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Paleobiological laboratory techniques

Scientific protocols
of usefulness in
Paleontology and Bioarchaeology

Policarp Hortolà

Microfossil obtaining

A) Sampling

1) Select loose or little consolidated sedimentary rocks:
- marls
- fine grained or little cemented sandstones
- marly limestones
- peats
- lignites...
2) Collect approximately 500 g
3) Use a transparent plastic bag, putting the label on its interior so that it could be read without having to open the bag.

B) Chemical preparation

1) Put a part of the sample on diluted hydrochloric (HCl) or nitric (HNO3) acid, in order to obtain the siliceous fraction: radiolarians, diatoms, spicules of siliceous sponges, spores, pollen...
2) Wash with water and sodium bicarbonate (NaHCO3)
3) Put another part of the sample on diluted soda (NaOH) or potassium (KOH), while hot, to obtain the calcareous fraction: microforaminifers, coccolites, spicules of calcareous sponges, ostracodes...

C) Separation

C.1. Sieve/heavy liquid (microfossils in unconsolidated rocks)
1) Huddle the sieves (from greater mesh, up, to smaller one, down)
2) Put the sample on the upper sieve
3) Pass a running water jet (the microfossils will be concentrated in the intermediate sieves)
4) Dry the washed sediment which contains the microfossils
5) Put a heavy liquid (carbon tetrachloride or bromoform/alcohol of e.w.=2.68) on a crystallizer
6) Powder the sample on the heavy liquid (the microfosils, less dense, will float)

C.2. Ultrasounds (for microfossils in marly or clayey rocks)
1) Mash the rock in fragments of 2-3 mm
2) Sonicate to more than 20 kilocycles/s

Sample selection

1) Take a certain quantity of the previously sifted sample
2) Extend it on a flat surface with a printed reticle
3) With a stereoscopical microscope, make a systematical tracking to gather the different taxa of organisms.

Microfossil mounting

A. For trans-lighting (very small microfossils: small microforaminifers, radiolarians, diatoms, pollen, microspores...)
1) Put the microfossils on a microscope slide
2) Put a drop of Canada balsam above
3) Cover with a cover slide glass

B. For epi-lighting (large microforaminifers and megaspores)
1) Making of the slide: take a rectangular carton plate, and make to it one or more holes of about 2 cm of diameter; afterwards, hit a black or red paper plate by below (which will make of opaque fund)
2) Put the microfossils within the hole(s) of the slide
3) Fix the microfossils at the bottom of the hole(s) with a drop of tragacanth glue.

Macroforaminifer oriented thin-sectioning

1) Prepare a glass according to the measures of the foraminifer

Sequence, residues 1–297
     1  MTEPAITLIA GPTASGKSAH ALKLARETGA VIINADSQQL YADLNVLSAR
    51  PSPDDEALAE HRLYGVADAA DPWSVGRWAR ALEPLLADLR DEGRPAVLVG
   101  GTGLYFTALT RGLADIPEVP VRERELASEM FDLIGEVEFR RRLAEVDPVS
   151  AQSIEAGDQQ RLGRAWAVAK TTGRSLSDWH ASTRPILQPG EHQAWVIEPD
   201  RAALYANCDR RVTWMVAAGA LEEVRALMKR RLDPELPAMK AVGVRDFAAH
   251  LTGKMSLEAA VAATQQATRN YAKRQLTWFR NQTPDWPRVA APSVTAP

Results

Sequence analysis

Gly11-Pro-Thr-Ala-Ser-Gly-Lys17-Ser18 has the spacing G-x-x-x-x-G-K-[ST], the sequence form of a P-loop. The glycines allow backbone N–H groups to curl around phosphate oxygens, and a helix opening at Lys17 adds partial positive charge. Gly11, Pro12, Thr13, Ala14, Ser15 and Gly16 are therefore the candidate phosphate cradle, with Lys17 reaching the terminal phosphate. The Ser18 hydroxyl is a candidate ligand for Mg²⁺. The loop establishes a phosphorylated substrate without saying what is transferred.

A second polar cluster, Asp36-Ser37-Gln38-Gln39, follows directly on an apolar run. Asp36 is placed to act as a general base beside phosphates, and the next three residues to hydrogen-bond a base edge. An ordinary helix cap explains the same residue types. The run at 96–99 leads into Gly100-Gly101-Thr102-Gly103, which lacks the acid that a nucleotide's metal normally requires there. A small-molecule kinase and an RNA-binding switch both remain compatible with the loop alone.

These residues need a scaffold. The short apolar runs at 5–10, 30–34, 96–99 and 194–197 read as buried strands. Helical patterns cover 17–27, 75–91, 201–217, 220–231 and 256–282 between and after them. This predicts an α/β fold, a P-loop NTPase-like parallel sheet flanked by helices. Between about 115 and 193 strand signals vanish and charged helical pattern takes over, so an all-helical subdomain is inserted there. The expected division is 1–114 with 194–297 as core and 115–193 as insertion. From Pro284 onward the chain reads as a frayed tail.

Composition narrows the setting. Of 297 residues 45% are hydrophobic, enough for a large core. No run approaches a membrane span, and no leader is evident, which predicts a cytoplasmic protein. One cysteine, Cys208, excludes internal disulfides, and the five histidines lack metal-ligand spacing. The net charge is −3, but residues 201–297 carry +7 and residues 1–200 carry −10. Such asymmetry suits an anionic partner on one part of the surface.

2) Put on it a Canada balsam drop or a small chunk of thermoplastic
3) Heat
4) Fix the foraminifer on the glass
5) Put the microscope slide under a stereoscopic microscope
6) Align the foraminifer according to the desired direction, using a handled needle or a toothpick to manipulate it
7) Include the foraminifer in resin, and leave it to dry
8) Polish the block manually with carborundum (SiC, gray powder) of different thickness (CONTROL CONSTANTLY THE PROCESS WITH THE STEREOSCOPIC MICROSCOPE) until the desired section be obtained
9) Unhook the sample from the glass with acetone
10) Fix the foraminifer in a slide by the polished face (i.e., turned)
11) Polish manually the free face until obtaining a thin section of about 20 µm
12) Clean the sample with ultrasounds
13) Dry
14) Cover with a microscope slide.

Links to advanced techniques

Amino Acid Racemization Dating
Molecular Paleogenetics


Allman, M. & D. F. Lawrence: Geological Laboratory Techniques. London: Blandford Press, 1972.
Briggs, D. E. G. & P. R. Crowther (Eds.): Palaeobiology: A synthesis. Item 6.2: Practical Techniques. Oxford, etc.: Blackwell Scientific Publications, pp. 499-511, 1990 (1992, paperback reissue with corrections).
Dillon, B. D. (Ed.): Practical Archaeology: Field and laboratory techniques and archaeological logistics. Los Angeles: UCLA Institute of Archaeology Publications, 1993 (3rd ed.).
Kummel, B. & D. Raup (Eds.): Handbook of Paleontological Techniques. San Francisco-London: W. H. Freeman and Company, 1965.
Meléndez, B.: Paleontología. Tomo 1: Parte general e invertebrados. Capítulo VII: Paleontología práctica. Madrid: Paraninfo, pp. 199-230, 1982 (3ª ed.).
Richter, A. E.: Manual del coleccionista de fósiles. Item: Preparación. Barcelona: Omega, pp. 24-29, 1989.
Vatan, A.: Manuel de Sédimentologie. Paris: Éditions Technip, pp. 383-385, 1967.

You may find more bibliography on the subject by typing below some keywords and going directly to that search result

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